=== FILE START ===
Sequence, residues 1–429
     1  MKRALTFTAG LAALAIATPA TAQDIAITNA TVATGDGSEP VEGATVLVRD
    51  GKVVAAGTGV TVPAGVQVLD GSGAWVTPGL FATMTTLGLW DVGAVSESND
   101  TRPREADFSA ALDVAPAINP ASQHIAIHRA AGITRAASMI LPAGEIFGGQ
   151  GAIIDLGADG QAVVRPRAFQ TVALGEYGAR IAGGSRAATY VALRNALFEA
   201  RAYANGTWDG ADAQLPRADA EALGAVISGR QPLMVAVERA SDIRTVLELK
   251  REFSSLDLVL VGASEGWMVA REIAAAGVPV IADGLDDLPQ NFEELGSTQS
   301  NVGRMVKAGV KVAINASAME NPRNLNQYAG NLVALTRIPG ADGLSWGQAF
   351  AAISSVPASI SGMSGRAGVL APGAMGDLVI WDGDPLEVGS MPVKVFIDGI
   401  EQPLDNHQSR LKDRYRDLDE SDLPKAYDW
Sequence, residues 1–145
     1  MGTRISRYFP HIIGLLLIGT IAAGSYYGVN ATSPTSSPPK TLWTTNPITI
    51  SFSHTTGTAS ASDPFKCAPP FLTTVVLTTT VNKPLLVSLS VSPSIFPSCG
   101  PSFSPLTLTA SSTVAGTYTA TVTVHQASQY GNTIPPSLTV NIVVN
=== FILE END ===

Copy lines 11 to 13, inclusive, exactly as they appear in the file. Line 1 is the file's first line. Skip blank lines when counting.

Sequence, residues 1–145
     1  MGTRISRYFP HIIGLLLIGT IAAGSYYGVN ATSPTSSPPK TLWTTNPITI
    51  SFSHTTGTAS ASDPFKCAPP FLTTVVLTTT VNKPLLVSLS VSPSIFPSCG